On behalf of the Fund for the Feminist Majority, I wish to speak in favor of the Violence Against Women Act. The Feminist Majority has worked nationally to end violence against women for over five years. The Feminist Majority has educated the public and law enforcement officials on the relationship between gender representation in the police force and police brutality and response to domestic violence and other violent crimes toward women. Through the efforts of our Los Angeles office and the feminist community, the Los Angeles City Council has passed a resolution directing the Los Angeles Police Department to achieve the goal of 44% women in the police department corresponding with the percentage of women in the workforce.

The Violence Against Women Act provides important civil action remedies for women who have been survivors of gender-based violence and crucial funding for a variety of programs to curb violence against women.

The civil rights provision in this bill is a critical recognition that women–as a class of persons who have been historically discriminated against and have been treated as inferior throughout time–are at risk of violence because they are women. This bill will not open the floodgates to litigation. However, by giving women the ability to bring gender-hate cases to federal court, the bill recognizes that gender-based violence exists and that perpetrators of this violence should face federal civil as well as criminal penalties.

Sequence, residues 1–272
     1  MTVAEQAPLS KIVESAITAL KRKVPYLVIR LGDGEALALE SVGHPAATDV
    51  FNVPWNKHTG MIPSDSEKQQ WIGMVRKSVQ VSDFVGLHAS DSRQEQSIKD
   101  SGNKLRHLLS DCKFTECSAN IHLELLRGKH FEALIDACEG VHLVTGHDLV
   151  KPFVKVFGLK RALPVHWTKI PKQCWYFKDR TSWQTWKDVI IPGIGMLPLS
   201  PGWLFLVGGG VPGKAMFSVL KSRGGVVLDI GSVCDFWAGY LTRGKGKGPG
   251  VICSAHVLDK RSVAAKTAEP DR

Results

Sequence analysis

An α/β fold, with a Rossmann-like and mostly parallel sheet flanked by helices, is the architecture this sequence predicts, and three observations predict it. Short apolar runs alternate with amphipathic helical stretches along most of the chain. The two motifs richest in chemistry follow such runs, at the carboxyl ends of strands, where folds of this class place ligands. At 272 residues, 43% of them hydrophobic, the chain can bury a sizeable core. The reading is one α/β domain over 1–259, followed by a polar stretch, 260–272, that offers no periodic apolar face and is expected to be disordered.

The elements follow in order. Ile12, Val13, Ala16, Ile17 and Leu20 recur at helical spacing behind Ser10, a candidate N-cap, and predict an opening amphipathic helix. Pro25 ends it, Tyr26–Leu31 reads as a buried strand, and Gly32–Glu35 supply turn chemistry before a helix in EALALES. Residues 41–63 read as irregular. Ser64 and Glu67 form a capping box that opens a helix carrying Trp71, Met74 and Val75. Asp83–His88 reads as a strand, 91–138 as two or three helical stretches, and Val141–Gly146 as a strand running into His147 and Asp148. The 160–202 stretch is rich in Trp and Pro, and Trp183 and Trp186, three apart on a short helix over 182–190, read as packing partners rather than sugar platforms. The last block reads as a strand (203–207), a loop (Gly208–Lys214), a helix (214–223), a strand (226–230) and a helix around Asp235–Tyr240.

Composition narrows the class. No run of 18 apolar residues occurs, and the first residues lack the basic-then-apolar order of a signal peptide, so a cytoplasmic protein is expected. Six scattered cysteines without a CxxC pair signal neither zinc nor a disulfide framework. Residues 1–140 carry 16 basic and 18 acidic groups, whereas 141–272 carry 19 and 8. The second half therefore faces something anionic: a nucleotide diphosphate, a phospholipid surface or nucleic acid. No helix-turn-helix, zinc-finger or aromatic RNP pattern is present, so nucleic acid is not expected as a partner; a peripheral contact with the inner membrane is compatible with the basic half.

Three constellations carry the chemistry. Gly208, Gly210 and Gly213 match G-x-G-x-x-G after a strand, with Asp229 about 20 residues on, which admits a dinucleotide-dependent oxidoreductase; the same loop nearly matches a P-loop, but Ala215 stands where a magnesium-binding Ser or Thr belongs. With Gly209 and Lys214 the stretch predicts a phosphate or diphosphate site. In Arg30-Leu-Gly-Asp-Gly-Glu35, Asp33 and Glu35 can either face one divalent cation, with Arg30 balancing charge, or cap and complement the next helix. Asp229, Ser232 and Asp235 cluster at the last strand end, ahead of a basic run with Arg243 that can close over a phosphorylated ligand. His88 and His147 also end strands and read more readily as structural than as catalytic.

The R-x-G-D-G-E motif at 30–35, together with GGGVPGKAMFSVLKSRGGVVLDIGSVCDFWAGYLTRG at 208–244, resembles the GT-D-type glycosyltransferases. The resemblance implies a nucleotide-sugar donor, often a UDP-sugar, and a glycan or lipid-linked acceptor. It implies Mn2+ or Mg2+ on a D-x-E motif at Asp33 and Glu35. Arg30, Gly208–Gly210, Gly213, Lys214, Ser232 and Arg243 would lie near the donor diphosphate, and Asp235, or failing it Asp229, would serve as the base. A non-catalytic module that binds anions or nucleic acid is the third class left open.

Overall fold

Violent crimes against women are of an epidemic proportion. We will not recite all of the well-known and well-documented statistics which already have been presented to this subcommittee by the NOW Legal Defense and Education Fund. But I do want to share with you the results of a study that the Feminist Majority has just complete of 911 domestic violence calls. Incidents of domestic violence against women are typically the number one reason that 911 is called. Our study found that New York City received 158,094 domestic violence calls to 911 in 1991. Houston, Texas reported an average of 168,000 domestic violence calls annually. Columbus, Ohio received 65,000 domestic violence calls in 1992. These figures are tip of the iceberg — many municipalities do not even keep count of domestic violence calls. The October 1992 Senate Judiciary Committee Report, Violence Against Women: A Week in the Life of America, showed that more than 1.1 million women filed police reports because of domestic violence annually. According to most experts, as many as 3 million violent domestic crimes go unreported every year.

The Violence Against Women Act is legislation that is desperately needed to help curb the violence that forces women to live in constant fear of their physical well-being and indeed their lives. Title III of the Act is necessary both to officially acknowledge that crimes against women because they are women are occurring and to provide women federal civil remedies to compensate in part for the inefficient, ineffective, and often unsympathetic police response at state and local levels. I am submitting for the Subcommittee our Gender Balance In The Police Force fact sheet which documents the frequent lack of response of local police forces to domestic violence, rape, sexual assault, and other violent crimes against women.

We urge the immediate passage of the Violence Against Women Act, including the Civil Rights Provision of Title III.



Source: Hearing Before the Subcommittee on Civil and Constitutional Rights of the Committee on the Judiciary, US House of Representatives, 103rd Cong., 1st sess, November 16, 1993 (Washington DC: US Government Printing Office), 1994, pp. 114-117,